Monday, February 02, 2009

The Smart Horse Chronicles






Zip was a baby when I discovered the clicker business. In this photo, Zip, two, was working with a high school student from my English class who wanted to learn clicker training. In the twelve years since, the barn has taken on a festive atmosphere. Some days one might swear a horde of flamenco dancers have gone wild in my barn aisle.

Some horses are quick learners. Some are not. Some are reluctant. Some are afraid of the clicker. Some just aren't interested. Zip is a star.

I bring this up not to blow Zip's horn for him--though granted, he hasn't yet learned to do it for himself--but to report that in my ongoing study of equine behavior, a new wrinkle has appeared.

Now, anyone who's anyone in the animal biz knows that animals have smarts and can be trained to do all sorts of things. They are limited only by the short-sighted humans who pretend to be their trainers. I've taught Zip all sorts of skills from bowing to stretching his own little self after girthing up to line-dancing. He can fetch pretty much anything whether I want him to or not. The barn help has also taught him things, some of which I would prefer they hadn't, but some of which are immensely helpful. The whole sweeping with a broom thing, for instance, keeps his stall doormat shining, but also causes endless conflict over which of us gets to hold the muck fork when I'm trying to pick out his stall with him in it.

But there are also things he's taught himself. The day he showed me he could flip his feed bucket up in the air and catch it upside-down on his rump and on his head was a special moment that had me literally on the floor. It's been a while since he's freelanced, however, so yesterday he really took me by surprise.

It was a small thing, really, by some standards, but huge when you consider the leap of linguistic logic required to accomplish it.

I turn my herd out en mass--open the doors, and out they go. Open them again, and in they come. Another little training endeavor that proved fruitful. But there is always a moment at night turn-out when Zip, in his endless desire to say goodbye to me one more time, blocks the gate so one-eyed Pinky has to shuffle around and wait for clearance. That was the setting for last night's "moment".

I've worked with Zip on not standing on me probably more than any other behavior. So he doesn't. But not standing in the way of the gate was a concept we hadn't really discussed beyond my yelling, "Move your butt!" and cracking the longe whip to make my point. Yesterday Zip, bored, was craving attention, so he spent considerable time standing next to me hoping I'd tell him to do something. What I told him to do was "back off". That's not a cue he knows intact. He does know "back", which he does very well, and he knows "off", meaning as I walk towards him, he moves away from me without touching me but remaining at the same distance from my shoulder. It's a dog command I (but not my Siberian Husky) learned once upon an obedience class. Zip, cued, moved back away from me as I wandered from stall to stall opening the doors and letting the horses out. That, in itself, was surprising. Zip is not known for patience, and as herd leader, he tends to push the others around a little. For him to snap to and stand back was startling. We moved on.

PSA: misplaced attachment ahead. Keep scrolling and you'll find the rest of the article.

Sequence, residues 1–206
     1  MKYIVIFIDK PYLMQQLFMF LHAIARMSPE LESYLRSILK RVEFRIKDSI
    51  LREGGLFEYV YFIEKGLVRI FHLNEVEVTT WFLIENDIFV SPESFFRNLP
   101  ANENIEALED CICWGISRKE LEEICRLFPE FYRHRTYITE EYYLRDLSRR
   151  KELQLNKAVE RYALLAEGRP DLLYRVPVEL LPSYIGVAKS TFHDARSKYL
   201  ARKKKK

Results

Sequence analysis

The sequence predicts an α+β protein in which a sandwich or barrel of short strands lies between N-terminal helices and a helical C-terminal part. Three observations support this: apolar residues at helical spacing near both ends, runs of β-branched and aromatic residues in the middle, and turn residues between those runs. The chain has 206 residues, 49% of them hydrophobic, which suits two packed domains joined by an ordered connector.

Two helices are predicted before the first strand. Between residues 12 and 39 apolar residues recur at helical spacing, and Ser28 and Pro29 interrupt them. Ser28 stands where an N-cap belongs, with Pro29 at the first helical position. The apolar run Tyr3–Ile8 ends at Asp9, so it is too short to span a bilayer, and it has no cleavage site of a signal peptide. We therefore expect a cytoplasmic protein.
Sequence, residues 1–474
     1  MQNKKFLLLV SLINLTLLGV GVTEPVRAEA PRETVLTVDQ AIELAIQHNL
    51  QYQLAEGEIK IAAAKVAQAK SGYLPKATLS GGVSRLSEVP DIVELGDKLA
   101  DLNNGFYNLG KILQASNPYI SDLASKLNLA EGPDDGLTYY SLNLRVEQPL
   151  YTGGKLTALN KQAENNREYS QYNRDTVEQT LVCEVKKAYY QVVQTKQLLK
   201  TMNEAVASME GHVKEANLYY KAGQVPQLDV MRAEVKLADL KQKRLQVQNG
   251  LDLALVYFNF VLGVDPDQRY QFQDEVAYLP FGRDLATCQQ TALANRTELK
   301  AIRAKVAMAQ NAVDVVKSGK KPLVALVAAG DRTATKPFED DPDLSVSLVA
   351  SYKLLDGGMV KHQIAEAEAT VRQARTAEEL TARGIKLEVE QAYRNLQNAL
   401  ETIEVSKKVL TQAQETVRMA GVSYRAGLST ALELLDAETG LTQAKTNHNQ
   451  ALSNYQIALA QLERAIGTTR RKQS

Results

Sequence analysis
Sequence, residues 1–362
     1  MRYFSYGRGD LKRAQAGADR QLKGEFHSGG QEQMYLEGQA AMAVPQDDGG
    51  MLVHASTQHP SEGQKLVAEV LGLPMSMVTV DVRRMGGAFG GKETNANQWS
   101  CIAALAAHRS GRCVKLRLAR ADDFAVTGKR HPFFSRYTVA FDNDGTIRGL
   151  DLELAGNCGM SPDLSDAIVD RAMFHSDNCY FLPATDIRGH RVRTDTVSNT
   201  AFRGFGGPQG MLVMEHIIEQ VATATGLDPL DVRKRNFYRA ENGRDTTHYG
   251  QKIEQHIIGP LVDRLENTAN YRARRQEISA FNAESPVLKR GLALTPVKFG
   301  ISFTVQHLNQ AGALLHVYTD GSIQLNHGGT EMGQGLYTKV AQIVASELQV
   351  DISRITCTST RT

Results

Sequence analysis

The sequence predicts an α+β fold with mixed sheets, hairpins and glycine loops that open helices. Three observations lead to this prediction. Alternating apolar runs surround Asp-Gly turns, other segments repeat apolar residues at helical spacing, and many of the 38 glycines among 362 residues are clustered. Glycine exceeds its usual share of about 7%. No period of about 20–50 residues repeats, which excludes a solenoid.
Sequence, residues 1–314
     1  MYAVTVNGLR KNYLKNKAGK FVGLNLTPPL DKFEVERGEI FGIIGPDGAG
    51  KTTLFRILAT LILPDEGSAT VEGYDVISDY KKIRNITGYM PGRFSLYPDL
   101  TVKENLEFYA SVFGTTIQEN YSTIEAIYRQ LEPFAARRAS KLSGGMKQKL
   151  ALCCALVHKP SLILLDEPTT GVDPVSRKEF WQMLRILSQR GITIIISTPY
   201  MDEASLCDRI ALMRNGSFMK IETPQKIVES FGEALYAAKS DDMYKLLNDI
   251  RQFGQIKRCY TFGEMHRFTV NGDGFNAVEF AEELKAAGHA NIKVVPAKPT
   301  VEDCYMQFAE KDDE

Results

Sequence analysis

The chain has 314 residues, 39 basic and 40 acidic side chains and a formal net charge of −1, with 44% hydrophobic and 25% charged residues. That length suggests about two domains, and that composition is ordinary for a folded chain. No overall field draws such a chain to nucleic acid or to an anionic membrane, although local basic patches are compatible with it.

Zip had already had his round of tricks and treats, and I'd sent him out the door, and he was lingering in his usual spot just outside the gate. I had to change Pinky's blanket for one that actually had all its straps intact, which I did with Pinky standing free in the barnyard while I took one off and went in search of another that fit him. All the while, Zip stood blocking the gate from the outside. When I had buckled the last buckle, I turned to Zip and said, "Back off!" And he did. He turned and walked three steps farther into the pasture. It was enough to allow Pinky to get through the gate untraumatized. I figured once is just lucky happenstance, so I tried it again. And again. And each time I said the magic words, he did what I asked. He backed off.

As I closed the gate, gushing kudos at my smart horse, he came to say goodbye one more time. No cookies involved, just a pat on the nose and my undying gratitude for reminding me that while we humans are obsessing on our little lives, the animals are watching, learning, and responding in ways we really need to appreciate.

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